UNCTAD´s annual report on activities in favour of Africa (TD/B/EX(37)/2) will be discussed at the thirty-seventh executive session of the Trade and Development Board on 26 July 2005. The report presents a panoramic picture of what the organization does in support of African countries and the NEPAD process. These activities fall under two broad categories, namely: policy research and analysis on Africa´s development challenges; and advisory services and capacity building.
a) Policy research and analysis
The report entitled "Economic Development in Africa: Debt Sustainability: Oasis or Mirage?" provides an in-depth analysis of the debt overhang and associated problems of African countries in achieving the Millennium Development Goals (MDGs). The analysis shows that, despite progress in the HIPC Initiative, many indebted African countries are unlikely to find themselves in a sustainable debt situation or achieve the MDGs. It therefore recommends a debt write-off for the poorest countries or the application of an alternative set of debt sustainability criteria, including human development indicators.
b) Capacity building and advisory services
In the area of international trade, the second phase of the Joint Integrated Technical Assistance Programme (JITAP), launched in February 2003 for 16 African countries, continued in partnership with the ITC and WTO. This programme is focused on enhancing the capacities of national task forces established to deal with the multilateral trading system in the beneficiary countries.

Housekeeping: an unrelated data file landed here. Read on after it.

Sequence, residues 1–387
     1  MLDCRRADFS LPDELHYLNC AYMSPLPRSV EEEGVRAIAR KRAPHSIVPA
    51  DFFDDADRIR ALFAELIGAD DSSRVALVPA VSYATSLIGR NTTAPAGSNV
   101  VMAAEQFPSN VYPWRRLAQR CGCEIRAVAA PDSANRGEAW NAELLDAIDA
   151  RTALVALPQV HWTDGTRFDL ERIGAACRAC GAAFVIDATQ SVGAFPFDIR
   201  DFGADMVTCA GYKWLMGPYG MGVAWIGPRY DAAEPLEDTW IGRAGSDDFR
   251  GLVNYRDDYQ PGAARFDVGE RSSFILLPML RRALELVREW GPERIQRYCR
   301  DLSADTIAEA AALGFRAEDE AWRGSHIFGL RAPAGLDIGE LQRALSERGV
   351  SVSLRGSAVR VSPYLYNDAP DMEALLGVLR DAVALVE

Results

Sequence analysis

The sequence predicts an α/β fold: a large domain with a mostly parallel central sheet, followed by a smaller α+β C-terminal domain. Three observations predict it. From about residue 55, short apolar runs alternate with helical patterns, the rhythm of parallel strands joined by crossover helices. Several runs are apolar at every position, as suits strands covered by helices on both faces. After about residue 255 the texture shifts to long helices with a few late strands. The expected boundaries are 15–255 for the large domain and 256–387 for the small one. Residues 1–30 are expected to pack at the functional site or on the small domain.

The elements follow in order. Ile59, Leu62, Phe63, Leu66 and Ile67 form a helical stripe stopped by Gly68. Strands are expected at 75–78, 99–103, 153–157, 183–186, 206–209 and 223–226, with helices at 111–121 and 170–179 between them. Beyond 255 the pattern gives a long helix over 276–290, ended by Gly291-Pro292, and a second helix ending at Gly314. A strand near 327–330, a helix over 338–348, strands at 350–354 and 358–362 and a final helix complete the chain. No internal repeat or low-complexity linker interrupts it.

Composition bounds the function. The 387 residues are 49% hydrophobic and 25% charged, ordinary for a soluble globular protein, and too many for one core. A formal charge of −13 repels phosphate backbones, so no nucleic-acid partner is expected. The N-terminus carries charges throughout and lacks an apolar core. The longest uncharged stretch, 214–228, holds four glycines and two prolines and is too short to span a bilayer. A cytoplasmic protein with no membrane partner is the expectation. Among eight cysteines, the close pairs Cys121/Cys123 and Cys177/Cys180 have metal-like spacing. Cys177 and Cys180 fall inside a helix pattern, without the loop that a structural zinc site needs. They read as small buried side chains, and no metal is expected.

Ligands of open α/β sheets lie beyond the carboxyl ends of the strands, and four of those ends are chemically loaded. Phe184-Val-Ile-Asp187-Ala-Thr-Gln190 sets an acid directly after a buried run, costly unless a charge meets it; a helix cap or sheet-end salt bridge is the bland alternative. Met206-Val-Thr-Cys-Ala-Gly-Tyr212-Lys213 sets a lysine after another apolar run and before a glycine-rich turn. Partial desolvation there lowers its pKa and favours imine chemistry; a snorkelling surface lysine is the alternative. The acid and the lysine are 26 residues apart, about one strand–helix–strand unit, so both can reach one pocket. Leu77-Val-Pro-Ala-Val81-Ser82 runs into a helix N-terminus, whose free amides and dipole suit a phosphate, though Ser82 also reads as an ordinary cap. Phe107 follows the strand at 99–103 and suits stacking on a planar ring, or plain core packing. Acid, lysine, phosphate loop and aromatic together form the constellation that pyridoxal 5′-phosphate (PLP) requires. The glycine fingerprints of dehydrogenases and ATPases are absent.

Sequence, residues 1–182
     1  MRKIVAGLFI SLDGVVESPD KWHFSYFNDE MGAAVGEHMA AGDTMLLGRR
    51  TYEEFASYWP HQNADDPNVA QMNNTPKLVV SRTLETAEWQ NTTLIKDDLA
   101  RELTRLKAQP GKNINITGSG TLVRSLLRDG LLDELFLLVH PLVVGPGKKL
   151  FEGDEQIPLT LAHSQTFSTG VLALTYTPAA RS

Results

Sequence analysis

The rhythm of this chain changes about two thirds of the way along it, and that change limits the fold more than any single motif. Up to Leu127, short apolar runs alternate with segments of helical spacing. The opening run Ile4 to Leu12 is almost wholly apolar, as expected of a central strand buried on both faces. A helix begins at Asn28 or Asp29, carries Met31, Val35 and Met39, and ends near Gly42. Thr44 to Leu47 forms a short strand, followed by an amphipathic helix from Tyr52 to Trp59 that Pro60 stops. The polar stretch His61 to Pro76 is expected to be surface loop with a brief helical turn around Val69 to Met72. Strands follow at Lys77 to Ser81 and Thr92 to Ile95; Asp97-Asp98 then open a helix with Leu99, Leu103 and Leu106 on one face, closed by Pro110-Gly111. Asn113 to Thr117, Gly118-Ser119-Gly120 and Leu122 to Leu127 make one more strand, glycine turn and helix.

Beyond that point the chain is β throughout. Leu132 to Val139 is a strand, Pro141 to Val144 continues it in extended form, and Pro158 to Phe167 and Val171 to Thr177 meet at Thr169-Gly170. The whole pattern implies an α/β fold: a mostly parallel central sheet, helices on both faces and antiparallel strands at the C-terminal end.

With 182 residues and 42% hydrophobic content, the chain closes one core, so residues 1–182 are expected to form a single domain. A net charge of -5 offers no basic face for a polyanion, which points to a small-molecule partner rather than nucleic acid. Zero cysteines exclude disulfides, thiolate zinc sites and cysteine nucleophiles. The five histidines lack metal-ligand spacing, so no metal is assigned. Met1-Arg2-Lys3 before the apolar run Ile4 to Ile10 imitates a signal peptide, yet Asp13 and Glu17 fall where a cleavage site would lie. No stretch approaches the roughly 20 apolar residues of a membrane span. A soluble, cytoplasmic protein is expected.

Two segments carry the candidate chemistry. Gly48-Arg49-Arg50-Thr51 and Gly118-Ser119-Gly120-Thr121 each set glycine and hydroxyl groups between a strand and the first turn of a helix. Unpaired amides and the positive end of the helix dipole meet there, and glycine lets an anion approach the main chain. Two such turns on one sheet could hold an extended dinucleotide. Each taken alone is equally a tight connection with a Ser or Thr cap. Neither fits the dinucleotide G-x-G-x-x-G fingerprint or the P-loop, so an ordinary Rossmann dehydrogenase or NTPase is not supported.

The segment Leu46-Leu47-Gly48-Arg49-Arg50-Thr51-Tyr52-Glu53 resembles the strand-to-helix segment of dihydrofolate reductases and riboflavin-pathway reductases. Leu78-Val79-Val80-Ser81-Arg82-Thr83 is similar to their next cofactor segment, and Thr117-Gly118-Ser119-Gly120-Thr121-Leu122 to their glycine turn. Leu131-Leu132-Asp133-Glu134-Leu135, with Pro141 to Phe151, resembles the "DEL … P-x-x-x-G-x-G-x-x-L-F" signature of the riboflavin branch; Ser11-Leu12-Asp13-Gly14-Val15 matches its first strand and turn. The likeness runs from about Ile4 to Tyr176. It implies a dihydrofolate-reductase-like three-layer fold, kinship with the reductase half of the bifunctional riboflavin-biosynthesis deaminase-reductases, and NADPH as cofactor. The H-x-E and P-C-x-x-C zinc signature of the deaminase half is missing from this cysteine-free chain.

Other trade-related technical assistance activities include: support on trade negotiations; assistance to countries in the process of accession to the WTO; support for African, Caribbean and Pacific (ACP) States in their negotiations with the EU on economic partnership agreements (EPAs); assistance in trade in services and trade preferences; and capacity-building and support in connection with South-South trade and regional and global trade agreements. Activities have also been implemented in the areas of the links between trade, the environment and development; competition and consumer protection policies; commodities; and services development;
Other areas of activity include: debt management; international investment (including investment policy reviews); enterprise development; and trade facilitation, including customs and multimodal transport.